What do you get when you combine a well-known Australian swimmer and a British bionics company? It’s not a joke, but rather a combination that gives us great patient advocacy for a remarkable prosthetic: the COVVI Hand. Jessica Smith, a Paralympic swimmer and motivational speaker who was born without a left hand, uses the bionic device that’s just received a noteworthy upgrade; users now can get updates to their smart prosthetics remotely from any connected spot on the planet, with technicians adding new motions and gestures.

Via the COVVI Go app, specialists from the Leeds-based company can update individual prosthetics for customizations that are uniquely tailored to a specific user. What else can the app do? Users can set up and adjust their prosthetic hands to their desired specifications, such as selecting different open/close options. Users can use the app to program the hand for a variety of different grips (there are 14 to choose from) and change grips while the hand is in use. To test new control strategies, users can use the app’s virtual COVVI Hand simulator.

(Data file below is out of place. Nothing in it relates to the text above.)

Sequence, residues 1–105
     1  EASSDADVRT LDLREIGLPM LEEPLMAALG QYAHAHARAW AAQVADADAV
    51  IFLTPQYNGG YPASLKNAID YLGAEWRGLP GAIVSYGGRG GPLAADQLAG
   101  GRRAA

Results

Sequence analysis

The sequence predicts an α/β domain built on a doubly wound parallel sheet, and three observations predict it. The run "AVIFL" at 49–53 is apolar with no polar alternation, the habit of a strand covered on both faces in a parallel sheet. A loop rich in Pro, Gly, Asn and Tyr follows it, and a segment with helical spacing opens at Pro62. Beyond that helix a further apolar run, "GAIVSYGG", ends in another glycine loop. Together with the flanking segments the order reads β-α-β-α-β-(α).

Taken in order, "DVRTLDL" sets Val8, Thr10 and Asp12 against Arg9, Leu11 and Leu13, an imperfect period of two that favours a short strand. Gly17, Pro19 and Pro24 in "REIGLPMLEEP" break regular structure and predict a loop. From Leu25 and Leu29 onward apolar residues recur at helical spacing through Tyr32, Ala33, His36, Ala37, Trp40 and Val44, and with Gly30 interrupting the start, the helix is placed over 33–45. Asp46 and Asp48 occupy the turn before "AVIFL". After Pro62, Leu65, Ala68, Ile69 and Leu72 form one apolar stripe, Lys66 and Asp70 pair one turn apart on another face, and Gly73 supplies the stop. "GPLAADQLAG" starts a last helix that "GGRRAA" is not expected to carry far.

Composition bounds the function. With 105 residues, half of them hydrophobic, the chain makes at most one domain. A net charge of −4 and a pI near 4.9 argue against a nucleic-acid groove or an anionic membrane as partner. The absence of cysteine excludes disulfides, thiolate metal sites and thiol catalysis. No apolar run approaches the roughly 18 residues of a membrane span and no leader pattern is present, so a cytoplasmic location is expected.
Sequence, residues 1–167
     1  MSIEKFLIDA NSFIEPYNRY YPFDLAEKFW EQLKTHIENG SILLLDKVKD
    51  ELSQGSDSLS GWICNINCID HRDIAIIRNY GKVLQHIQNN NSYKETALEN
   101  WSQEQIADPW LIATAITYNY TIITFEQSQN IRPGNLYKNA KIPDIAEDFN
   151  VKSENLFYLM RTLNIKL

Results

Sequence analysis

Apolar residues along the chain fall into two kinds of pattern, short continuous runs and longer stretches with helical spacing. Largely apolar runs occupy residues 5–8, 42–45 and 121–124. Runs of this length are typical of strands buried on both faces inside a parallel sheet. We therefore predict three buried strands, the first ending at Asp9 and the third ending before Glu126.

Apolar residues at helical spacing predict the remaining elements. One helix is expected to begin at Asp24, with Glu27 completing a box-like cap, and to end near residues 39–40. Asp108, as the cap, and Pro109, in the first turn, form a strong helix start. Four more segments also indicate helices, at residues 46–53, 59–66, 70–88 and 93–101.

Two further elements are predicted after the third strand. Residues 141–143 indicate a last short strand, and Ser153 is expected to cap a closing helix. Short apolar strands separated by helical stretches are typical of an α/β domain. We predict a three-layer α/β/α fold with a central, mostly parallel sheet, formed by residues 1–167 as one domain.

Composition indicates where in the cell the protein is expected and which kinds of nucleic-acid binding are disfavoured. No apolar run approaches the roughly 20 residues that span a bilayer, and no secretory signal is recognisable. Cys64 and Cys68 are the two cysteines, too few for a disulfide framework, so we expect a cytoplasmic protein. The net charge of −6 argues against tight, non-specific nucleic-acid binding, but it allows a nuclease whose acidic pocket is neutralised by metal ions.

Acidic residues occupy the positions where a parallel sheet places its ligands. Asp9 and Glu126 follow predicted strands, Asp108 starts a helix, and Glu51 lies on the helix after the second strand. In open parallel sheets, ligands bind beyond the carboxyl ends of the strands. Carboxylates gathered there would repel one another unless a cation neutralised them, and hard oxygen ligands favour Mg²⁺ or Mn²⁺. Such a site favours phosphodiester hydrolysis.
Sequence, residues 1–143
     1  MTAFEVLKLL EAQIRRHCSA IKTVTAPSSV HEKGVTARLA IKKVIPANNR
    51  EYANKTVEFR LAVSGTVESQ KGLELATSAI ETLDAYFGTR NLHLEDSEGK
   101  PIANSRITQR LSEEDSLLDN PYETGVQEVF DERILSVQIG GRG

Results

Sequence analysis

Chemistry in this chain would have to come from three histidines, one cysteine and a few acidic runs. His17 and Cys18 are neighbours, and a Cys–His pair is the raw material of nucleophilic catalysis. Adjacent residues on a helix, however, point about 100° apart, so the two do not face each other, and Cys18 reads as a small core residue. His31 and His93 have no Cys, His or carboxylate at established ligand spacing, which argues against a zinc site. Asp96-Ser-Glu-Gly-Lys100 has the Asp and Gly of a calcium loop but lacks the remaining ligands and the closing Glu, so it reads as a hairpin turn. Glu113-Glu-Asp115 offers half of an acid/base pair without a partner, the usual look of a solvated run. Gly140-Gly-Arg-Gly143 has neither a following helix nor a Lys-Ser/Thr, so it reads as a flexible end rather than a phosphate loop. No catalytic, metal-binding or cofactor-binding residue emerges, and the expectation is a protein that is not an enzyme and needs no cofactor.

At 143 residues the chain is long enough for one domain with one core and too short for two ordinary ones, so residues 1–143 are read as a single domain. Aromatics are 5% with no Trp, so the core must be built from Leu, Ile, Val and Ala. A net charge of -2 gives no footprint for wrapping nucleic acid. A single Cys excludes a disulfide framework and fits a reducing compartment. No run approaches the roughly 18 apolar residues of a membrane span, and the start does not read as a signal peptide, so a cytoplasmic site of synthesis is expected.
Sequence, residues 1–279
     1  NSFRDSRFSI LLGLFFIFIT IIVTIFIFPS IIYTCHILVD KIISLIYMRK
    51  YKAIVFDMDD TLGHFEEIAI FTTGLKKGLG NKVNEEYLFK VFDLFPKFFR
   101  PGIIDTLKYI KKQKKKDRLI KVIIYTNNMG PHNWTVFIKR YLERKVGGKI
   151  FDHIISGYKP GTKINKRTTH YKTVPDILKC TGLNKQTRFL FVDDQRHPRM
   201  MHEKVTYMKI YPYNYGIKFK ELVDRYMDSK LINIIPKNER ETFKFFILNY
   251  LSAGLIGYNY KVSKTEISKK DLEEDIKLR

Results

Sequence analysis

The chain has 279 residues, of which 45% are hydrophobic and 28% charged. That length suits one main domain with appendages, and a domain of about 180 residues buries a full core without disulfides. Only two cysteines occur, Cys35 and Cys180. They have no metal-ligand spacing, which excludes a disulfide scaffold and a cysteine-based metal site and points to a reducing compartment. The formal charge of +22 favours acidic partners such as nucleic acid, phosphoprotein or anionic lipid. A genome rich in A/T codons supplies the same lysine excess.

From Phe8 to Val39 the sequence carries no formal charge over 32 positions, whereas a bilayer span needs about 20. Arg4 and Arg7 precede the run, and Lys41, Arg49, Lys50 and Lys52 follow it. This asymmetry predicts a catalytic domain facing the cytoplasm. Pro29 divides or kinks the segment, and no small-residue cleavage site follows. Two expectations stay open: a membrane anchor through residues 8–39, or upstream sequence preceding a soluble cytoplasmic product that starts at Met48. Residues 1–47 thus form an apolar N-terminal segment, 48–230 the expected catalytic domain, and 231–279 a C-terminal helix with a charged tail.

In general, the way a bionic hand works is simple; electrical impulses from the muscles of a limb travel to the device and trigger actions in the prosthetic hand’s motors. Using the input graph in the COVVI Go app, users can set up their hands to respond to their unique signals. How the hand responds to this real-time input is then mapped to the user’s electrical impulses. While the raw mechanics of this smart prosthetic are noteworthy, the COVVI Glove that encases the device deserves mention, as it contributes significantly to its functionality. For example, a “soft-touch coating” on the glove’s index finger gives the wearer the ability to use touchscreens. The fingertips of the medical-grade silicon glove have a serrated-like texture to allow for easy gripping.

Jessica Smith writes on Instagram, “It’s not about me relearning how to do things I’ve always done, just with a new device…for me, this is an opportunity to do things I’ve never been able to do. The boring mundane tasks that come so easily and natural if I were using my right hand…The technology coupled with the mind and human body, is truly phenomenal.”